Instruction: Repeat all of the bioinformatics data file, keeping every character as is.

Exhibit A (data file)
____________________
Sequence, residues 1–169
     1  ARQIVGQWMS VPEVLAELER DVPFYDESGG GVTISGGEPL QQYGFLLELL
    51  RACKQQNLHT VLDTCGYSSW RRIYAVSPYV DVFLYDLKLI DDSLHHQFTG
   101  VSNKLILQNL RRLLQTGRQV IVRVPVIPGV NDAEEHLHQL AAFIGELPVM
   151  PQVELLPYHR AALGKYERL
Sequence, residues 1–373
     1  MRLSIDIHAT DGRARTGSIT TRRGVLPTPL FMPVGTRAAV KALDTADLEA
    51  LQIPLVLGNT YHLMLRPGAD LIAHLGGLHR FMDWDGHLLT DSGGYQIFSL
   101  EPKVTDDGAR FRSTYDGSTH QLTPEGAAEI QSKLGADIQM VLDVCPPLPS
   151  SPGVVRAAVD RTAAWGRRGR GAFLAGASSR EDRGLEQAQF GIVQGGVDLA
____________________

Sequence, residues 1–169
     1  ARQIVGQWMS VPEVLAELER DVPFYDESGG GVTISGGEPL QQYGFLLELL
    51  RACKQQNLHT VLDTCGYSSW RRIYAVSPYV DVFLYDLKLI DDSLHHQFTG
   101  VSNKLILQNL RRLLQTGRQV IVRVPVIPGV NDAEEHLHQL AAFIGELPVM
   151  PQVELLPYHR AALGKYERL
Sequence, residues 1–373
     1  MRLSIDIHAT DGRARTGSIT TRRGVLPTPL FMPVGTRAAV KALDTADLEA
    51  LQIPLVLGNT YHLMLRPGAD LIAHLGGLHR FMDWDGHLLT DSGGYQIFSL
   101  EPKVTDDGAR FRSTYDGSTH QLTPEGAAEI QSKLGADIQM VLDVCPPLPS
   151  SPGVVRAAVD RTAAWGRRGR GAFLAGASSR EDRGLEQAQF GIVQGGVDLA